How to Teach Music in China: No Notes

I expected another horrifying singing rehearsal today with the cast of Pippin, and I got my “want-to-tear-my-hair-out” quota of half hour in. But then Liu Da Wei, the music director, went to work on the whiteboard. He mapped out the song the chorus was to learn in the Chinese simple notation. It involves writing scale degrees in beat for beat, bar by bar. It eliminates the complications of key signatures by putting everything on a sliding scale.

What happened next was amazing. Almost everyone in the room simply just read (for the most part) what was on the board. No guessing for notes or trying to listen for the interval. They just knew the notation. One boy even raised his hand and corrected Mr. Liu on a rhythm mystake on the board. Sometimes I could bearly understand what the rhythm markings in the system were.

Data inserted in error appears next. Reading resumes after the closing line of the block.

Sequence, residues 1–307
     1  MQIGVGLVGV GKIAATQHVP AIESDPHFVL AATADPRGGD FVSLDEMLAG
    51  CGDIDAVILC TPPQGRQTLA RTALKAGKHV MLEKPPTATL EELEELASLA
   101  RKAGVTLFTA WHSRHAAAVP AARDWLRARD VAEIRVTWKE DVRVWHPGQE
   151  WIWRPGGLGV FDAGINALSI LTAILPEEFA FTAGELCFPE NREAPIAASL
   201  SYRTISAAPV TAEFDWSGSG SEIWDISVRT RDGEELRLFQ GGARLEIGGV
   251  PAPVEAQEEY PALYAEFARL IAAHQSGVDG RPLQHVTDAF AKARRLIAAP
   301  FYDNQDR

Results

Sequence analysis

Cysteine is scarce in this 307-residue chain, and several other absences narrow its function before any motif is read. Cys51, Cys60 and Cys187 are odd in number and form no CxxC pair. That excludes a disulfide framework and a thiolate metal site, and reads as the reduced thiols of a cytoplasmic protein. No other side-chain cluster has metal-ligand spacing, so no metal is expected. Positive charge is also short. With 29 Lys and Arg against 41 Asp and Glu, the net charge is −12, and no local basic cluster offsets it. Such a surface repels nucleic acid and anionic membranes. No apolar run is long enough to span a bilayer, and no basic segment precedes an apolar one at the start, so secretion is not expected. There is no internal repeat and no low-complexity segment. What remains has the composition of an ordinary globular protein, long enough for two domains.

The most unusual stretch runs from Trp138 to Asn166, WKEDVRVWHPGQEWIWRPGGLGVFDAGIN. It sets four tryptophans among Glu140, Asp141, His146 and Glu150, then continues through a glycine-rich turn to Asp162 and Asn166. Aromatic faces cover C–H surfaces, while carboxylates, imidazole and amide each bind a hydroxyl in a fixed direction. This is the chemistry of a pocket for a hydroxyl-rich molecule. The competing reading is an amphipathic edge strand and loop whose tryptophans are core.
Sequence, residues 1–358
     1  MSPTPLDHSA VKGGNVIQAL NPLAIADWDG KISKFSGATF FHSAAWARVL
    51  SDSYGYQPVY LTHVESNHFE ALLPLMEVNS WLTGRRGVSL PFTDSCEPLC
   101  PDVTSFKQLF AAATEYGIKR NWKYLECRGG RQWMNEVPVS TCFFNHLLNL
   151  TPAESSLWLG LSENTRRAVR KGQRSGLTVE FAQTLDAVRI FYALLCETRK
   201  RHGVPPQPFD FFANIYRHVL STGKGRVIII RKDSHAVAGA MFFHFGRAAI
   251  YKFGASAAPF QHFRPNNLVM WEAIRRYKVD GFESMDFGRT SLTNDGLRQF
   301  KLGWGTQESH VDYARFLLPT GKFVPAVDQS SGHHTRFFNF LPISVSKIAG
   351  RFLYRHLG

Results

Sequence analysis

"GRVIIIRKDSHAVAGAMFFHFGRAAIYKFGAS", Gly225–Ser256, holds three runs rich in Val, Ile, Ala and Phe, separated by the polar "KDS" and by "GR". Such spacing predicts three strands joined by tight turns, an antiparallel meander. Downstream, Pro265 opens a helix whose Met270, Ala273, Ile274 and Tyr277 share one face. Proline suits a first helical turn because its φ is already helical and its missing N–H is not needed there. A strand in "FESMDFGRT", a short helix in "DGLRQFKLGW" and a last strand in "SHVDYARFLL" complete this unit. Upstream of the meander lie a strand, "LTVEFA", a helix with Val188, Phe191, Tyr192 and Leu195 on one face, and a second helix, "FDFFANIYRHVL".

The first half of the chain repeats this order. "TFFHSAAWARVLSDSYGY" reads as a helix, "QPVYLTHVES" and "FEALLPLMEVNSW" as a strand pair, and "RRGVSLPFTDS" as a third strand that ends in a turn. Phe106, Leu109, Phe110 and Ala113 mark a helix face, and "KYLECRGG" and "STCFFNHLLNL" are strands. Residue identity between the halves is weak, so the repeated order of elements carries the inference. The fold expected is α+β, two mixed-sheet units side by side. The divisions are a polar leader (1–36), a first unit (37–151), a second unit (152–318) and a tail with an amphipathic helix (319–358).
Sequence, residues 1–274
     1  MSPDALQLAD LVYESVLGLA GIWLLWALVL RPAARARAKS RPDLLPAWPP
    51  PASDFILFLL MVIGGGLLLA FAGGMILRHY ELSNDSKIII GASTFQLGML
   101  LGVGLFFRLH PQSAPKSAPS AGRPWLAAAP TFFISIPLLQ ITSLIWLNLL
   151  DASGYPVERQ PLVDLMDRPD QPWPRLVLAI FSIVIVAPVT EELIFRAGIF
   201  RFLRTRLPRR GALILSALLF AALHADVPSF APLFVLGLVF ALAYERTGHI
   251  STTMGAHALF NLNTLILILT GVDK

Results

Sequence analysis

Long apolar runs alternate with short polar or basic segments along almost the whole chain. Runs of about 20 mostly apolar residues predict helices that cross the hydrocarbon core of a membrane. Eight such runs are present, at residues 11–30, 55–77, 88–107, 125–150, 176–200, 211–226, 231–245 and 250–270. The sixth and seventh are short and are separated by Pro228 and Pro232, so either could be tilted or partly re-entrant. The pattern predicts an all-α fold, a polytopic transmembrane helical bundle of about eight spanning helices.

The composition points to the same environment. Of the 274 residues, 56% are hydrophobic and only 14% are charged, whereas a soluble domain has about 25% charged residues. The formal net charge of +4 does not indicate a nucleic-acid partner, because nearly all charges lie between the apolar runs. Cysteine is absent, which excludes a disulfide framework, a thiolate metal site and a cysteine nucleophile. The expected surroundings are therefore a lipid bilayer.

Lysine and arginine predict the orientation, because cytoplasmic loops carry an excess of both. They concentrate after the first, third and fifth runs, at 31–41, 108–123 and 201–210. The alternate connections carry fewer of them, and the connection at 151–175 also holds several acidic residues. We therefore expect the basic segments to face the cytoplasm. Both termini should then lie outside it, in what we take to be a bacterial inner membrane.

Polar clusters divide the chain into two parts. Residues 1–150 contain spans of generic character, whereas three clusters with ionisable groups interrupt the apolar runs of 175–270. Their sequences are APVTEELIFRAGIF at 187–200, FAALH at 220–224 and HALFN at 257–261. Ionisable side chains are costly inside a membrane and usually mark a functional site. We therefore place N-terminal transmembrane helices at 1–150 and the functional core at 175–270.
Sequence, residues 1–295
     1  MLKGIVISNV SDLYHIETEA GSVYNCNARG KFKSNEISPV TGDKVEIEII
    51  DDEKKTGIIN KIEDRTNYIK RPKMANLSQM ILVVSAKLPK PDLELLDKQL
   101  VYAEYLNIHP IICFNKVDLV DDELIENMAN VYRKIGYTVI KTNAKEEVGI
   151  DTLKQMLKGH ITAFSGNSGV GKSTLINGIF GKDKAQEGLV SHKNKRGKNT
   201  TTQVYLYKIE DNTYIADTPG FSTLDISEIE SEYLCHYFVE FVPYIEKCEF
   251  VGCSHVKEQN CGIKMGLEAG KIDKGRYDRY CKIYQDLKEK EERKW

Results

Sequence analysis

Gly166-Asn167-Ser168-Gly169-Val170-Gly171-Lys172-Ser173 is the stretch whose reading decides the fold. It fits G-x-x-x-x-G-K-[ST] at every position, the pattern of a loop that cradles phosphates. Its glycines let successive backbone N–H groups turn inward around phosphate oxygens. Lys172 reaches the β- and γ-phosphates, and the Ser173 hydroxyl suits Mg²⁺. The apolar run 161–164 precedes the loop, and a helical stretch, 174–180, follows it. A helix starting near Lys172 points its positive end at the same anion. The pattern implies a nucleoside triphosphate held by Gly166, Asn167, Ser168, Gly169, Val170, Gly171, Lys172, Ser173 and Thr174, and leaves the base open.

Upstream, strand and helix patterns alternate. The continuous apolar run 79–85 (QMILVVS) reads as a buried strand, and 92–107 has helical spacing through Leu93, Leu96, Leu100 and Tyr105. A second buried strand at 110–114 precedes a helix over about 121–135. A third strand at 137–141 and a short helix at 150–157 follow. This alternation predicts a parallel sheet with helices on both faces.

Later, a student explained to me that most students learned the simple notation in primary school. I can finally understand why it’s so hard to transfer the music program at this school to western notation. Western notation involves key signatures and specified pitches all of which are irrelavent in the simple system. What I do not quite understand yet is how instrumentalists at the school learn on the simple system. Singers are natural-born transposers because you don’t need to change the fingering to change the scale; there are no fingers. Instrumentalists must change the fingering with different scales. They must learn scales by rote memory and simply have a named starting pitch.

Wow, so this is how you teach music in China.

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